Five people died of coronavirus on Tuesday with Cyprus recording an unprecedented 5,457 cases as hospitalisations remained stubbornly beyond the 200-bed safety margin with 209 patients being treated for Covid-19.
From a staggering 5,048 infections on New Year’s Eve, the number of new cases dropped to 2,332 on New Year’s day, rising to 3,538 on Sunday and to the second highest total of 5,024 on Monday.
The highly transmissible Omicron variant is 80% prevalent in all new cases in Cyprus, but it is expected to be fully dominant in the next few days, overtaking Delta, Health Minister Michalis Hadjipantelas said earlier.
“In the coming days, Omicron will prevail in all our new cases,” he said.
Hospitalisations rose again to 209 having breached the 200-bed safety margin with 203 patients being treated for Covid-19 on Sunday and 201 on Monday. However, the serious cases increased by one to 76.
Patient numbers increased steadily to the 170-180 level throughout December since breaking past the 100-level in mid-November.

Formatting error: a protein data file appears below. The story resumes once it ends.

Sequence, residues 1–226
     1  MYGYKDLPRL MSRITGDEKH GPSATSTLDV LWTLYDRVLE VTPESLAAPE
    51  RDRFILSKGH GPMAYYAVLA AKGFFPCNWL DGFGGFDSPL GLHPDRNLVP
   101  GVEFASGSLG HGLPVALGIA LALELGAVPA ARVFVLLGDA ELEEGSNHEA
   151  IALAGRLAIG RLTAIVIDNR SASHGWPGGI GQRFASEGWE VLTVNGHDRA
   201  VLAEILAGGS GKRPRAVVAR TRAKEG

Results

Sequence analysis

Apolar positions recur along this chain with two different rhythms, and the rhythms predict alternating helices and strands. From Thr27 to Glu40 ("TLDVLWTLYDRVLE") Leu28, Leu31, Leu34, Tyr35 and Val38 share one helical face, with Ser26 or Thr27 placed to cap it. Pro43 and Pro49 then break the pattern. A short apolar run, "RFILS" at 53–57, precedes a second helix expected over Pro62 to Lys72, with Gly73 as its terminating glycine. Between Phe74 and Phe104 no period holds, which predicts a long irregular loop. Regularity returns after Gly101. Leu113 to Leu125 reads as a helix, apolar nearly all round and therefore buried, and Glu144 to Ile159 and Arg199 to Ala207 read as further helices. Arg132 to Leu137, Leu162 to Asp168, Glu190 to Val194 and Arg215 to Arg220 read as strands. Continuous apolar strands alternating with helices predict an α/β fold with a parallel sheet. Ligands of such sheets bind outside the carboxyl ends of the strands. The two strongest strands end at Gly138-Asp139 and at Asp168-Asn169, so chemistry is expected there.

Youngest victim was 43
The health ministry said in its Covid bulletin that the latest victims were three men, aged 43, 82 and 84, and two women, 55 and 73, raising the death toll since the pandemic started to 646, of which eight in January.
December was the second deadliest month at 41, with the worst month on record being last August with 80 deaths.
The number of intubated patients remained unchanged at 32, while 78% of hospital patients were reported as unvaccinated. Also, 20 young patients remain admitted in the Covid ward of the Makarios children’s hospital, one more from the day before.
Fifteen patients are still considered post-Covid, having recovered from the virus, but remain intubated and in a serious state.
The total number of SARS-CoV-2 infections since March 2020 reached 183,178.
A total 122,801 PCR and rapid tests were conducted during the past 24 hours, about 42,000 fewer than Monday.
On fewer tests and an increase in positive cases, the benchmark ‘test positivity’ rate leapt to 4.44% from the previous day’s 3.06%, having skyrocketed to 5.98% on New Year’s day, six times above the high-risk barrier of 1.0%.
Of the new infections, 490 were identified through contact tracing linked to earlier infections, 143 were passengers who arrived at Larnaca and Paphos airports, and 1,102 were diagnosed from private initiative, hospital, and GP tests.
A further 2,715 cases were detected from private rapid tests at labs and pharmacies, and 1,007 were positive from the free national testing programme, available only to those vaccinated or recovered from earlier infections.
Of the 978 tests in retirement homes, eleven tested positive, as did 26 out of 2,193 samples in restricted institutions.